CYP2E1 RsaI/PstI Polymorphism and Liver Cancer Risk among East Asians: a Huge Review and Meta-analysis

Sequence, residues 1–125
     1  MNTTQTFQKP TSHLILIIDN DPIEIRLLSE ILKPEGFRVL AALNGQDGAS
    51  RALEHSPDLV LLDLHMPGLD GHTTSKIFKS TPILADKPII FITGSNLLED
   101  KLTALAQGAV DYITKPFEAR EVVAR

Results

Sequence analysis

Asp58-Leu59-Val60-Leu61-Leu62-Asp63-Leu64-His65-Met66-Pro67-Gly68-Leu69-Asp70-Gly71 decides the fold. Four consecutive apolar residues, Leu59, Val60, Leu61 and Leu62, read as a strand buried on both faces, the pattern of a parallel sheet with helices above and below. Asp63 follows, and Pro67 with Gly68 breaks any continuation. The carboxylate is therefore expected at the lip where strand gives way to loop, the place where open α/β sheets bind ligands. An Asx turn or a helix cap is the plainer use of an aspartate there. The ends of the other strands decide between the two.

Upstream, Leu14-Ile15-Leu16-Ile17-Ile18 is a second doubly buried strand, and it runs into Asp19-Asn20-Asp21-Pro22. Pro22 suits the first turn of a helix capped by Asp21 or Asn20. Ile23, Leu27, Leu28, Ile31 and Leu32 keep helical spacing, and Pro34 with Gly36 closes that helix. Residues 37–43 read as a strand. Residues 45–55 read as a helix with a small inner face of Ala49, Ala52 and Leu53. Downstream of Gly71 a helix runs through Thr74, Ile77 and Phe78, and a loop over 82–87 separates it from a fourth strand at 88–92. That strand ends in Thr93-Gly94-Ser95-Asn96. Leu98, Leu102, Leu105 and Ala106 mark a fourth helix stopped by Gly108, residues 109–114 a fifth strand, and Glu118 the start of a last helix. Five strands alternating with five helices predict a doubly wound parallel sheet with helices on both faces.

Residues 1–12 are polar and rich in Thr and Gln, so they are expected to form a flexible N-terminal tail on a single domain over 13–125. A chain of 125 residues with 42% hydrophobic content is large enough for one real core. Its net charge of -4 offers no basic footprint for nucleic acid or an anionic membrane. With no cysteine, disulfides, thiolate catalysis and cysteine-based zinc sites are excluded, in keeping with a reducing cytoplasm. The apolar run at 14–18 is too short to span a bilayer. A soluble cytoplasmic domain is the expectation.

Published data on any association between the CYP2E1 RsaI/PstI (c1/c2) polymorphism and liver cancer riskamong east Asians are inconclusive. The aim of this Human Genome Epidemiology (HuGE) review and metaanalysiswas to derive a more precise estimation of the relationship. A literature search of Pubmed, Embase, Webof science and CBM databases from inception through July 2012 was conducted. Twelve case-control studies wereincluded with a total of 1,552 liver cancer cases and 1,763 healthy controls. Crude odds ratios (ORs) with 95%confidence intervals (CIs) were used to assess the strength of association under five genetic models. When all theeligible studies were pooled into the meta-analysis, the results showed that the c2 allele and the c2 carrier (c2/c2+ c2/c1) of RsaI/PstI polymorphism were associated with decreased risk of liver cancer among east Asians (c2vs. c1: OR = 0.75, 95%CI: 0.59-0.95, P = 0.016; c2/c2 + c2/c1 vs. c1/c1: OR = 0.76, 95%CI: 0.58-1.00, P = 0.050).In the stratified analysis by country, significant associations were observed between RsaI/PstI polymorphismand decreased risk of liver cancer among the Chinese population (c2 vs. c1: OR = 0.70, 95%CI: 0.54-0.91, P =0.007; c2/c2 + c2/c1 vs. c1/c1: OR = 0.72, 95%CI: 0.54-0.95, P = 0.020), but not among Japanese and Koreanpopulations. Results from the current meta-analysis indicates that the c2 allele of CYP2E1 RsaI/PstI (c1/c2)polymorphism may be a protective factor for HCC among east Asians, especially among China populations.